Tuesday, April 15, 2008

No place to call home

Home: A place of origin. The center of the family universe. The storehouse of memories. The foundation of identity.

So what is home and where, or how, do you find it?

This is an issue I have struggled with all of my life. Part of the problem may be related to some confusion of “house” versus “home” which we tend to use interchangeably in casual conversation but at heart have different meanings. For instance I have always had a roof over my head, but still I have always had the sense that I have been looking for home and never quite finding it.

I set out in earnest to find home a few years ago. Having spent most of my life moving from place to place I haven’t always been sure where home was. Often the question I have struggled to answer has been “is home where we are now or is it where we used to be?” What I have slowly come to realize is that at least for me the answer is neither and both.

Many of you, especially those who have never or at least rarely moved, may wonder at such a declaration. However, after spending quite a bit of time and effort going back to several of the places I lived and finding that none of them resonated in me a sense of being “home” I turned to reflecting on why. But it wasn’t until I heard a segment of NPR’s Susan Stamberg’s “No Place Like Home” series in December 2003 that the reasons jelled and from that jumping-off point I was able to set about constructing my own sense of home.

Like Susan’s interviewee that morning, all of my relocations had served to insinuate me into new communities with new cultural norms and standards. Where the average child from my era mostly grew up in one house, or at least one community, and spent his or her youth honing their skills around one set of norms I have continually been required to absorb, adapt and fit into a new culture every few years.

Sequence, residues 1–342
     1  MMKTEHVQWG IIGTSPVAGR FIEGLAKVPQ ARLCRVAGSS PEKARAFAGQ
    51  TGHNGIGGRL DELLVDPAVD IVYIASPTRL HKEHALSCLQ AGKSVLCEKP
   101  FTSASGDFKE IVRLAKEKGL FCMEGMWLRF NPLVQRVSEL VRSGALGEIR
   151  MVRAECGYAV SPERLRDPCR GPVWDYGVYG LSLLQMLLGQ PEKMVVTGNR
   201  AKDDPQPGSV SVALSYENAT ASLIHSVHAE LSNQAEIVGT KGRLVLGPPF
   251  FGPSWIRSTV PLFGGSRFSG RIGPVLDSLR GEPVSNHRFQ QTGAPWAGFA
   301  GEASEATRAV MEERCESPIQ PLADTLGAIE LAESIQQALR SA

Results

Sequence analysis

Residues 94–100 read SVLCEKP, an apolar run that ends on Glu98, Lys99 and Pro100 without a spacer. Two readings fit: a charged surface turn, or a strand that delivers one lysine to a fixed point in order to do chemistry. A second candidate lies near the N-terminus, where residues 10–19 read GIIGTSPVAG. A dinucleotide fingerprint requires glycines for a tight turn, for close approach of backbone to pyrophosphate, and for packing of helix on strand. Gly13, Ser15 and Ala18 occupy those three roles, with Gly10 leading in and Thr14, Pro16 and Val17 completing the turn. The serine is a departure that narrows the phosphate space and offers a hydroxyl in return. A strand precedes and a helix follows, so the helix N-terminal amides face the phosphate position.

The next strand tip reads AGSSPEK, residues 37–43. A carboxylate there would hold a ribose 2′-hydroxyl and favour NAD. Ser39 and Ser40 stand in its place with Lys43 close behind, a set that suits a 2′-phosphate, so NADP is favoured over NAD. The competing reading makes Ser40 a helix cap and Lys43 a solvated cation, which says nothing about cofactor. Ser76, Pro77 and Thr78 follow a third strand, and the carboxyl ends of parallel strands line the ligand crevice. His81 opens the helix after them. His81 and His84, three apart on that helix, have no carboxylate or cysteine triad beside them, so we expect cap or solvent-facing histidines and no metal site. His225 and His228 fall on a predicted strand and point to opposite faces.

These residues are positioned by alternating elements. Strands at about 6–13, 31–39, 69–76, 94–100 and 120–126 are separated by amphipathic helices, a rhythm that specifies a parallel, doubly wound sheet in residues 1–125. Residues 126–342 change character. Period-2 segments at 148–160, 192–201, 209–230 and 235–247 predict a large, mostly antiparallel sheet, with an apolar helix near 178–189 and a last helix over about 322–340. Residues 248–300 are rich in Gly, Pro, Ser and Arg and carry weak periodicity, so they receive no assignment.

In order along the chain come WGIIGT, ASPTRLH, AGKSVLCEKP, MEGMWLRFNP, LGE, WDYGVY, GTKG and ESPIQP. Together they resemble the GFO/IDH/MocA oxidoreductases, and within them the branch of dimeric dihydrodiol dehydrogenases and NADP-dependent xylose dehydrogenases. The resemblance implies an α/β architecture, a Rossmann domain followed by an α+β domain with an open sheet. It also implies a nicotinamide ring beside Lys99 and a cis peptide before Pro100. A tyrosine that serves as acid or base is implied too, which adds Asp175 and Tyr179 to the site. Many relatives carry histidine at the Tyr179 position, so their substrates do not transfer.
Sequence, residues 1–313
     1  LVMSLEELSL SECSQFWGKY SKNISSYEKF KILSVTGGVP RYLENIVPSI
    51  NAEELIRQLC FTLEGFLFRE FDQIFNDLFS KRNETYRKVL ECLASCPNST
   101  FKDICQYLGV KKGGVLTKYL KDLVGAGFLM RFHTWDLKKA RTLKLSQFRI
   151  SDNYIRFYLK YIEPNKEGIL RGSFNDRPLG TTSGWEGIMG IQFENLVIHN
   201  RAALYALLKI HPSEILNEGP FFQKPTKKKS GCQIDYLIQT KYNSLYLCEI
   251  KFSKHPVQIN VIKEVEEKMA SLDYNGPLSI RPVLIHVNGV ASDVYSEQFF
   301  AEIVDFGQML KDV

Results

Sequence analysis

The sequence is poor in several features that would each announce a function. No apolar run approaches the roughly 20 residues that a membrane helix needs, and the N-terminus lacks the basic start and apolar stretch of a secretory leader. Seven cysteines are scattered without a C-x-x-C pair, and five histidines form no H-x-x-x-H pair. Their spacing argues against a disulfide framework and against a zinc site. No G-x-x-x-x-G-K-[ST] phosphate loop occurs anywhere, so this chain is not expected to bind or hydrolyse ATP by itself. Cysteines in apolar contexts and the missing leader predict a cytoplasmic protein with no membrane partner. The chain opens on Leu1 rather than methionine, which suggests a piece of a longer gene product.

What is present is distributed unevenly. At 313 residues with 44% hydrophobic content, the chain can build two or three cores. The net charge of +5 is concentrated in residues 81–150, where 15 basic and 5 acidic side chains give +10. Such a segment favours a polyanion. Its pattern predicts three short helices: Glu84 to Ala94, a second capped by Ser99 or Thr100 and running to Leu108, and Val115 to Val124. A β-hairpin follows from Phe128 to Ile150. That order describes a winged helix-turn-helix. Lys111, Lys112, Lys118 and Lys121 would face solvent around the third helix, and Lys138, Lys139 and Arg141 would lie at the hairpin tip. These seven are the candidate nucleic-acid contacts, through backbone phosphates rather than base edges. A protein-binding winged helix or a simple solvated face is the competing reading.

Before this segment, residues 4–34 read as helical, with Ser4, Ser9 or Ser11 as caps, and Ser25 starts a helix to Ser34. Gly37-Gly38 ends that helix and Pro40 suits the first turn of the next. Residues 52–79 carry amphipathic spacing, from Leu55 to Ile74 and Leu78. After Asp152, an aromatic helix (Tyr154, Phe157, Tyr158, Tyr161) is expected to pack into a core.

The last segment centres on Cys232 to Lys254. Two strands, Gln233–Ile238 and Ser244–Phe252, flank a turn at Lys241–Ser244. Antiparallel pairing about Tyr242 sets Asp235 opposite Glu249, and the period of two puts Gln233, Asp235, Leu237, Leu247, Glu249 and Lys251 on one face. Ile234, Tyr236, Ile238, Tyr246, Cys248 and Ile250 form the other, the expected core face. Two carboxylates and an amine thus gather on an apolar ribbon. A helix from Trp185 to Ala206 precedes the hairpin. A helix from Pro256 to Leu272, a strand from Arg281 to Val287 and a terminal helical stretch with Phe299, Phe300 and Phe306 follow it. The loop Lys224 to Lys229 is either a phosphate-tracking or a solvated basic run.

The cultural upheaval has had two effects. First, I have developed a great deal of cultural sensitivity. I am aware that there is more than one way to do everything and most aren’t the ways I would choose personally but in order to fit in and participate in community personal modifications become necessary. This has led to the second effect in that at each of the communities where I have lived I amputated a part of my previous self in order to graft in the cultural components necessary to function in the current community.

What I have finally come to realize is that, unlike others for whom a place or a group of people is home, the place where I am at home – where I go to find home – is within myself. Those journeys I took to the places where I used to live were not in vain just because they turned out not to be home, but rather they became an opportunity to gather to myself all of my missing pieces. So, now I no longer see myself as homeless or lost. Who I am and what is home is not just the parts I set aside to fit in nor is it only the person I am today. My home is made up of both parts, those I use everyday and those I have rediscovered and replaced in my archives like missing pages or notations from a family Bible.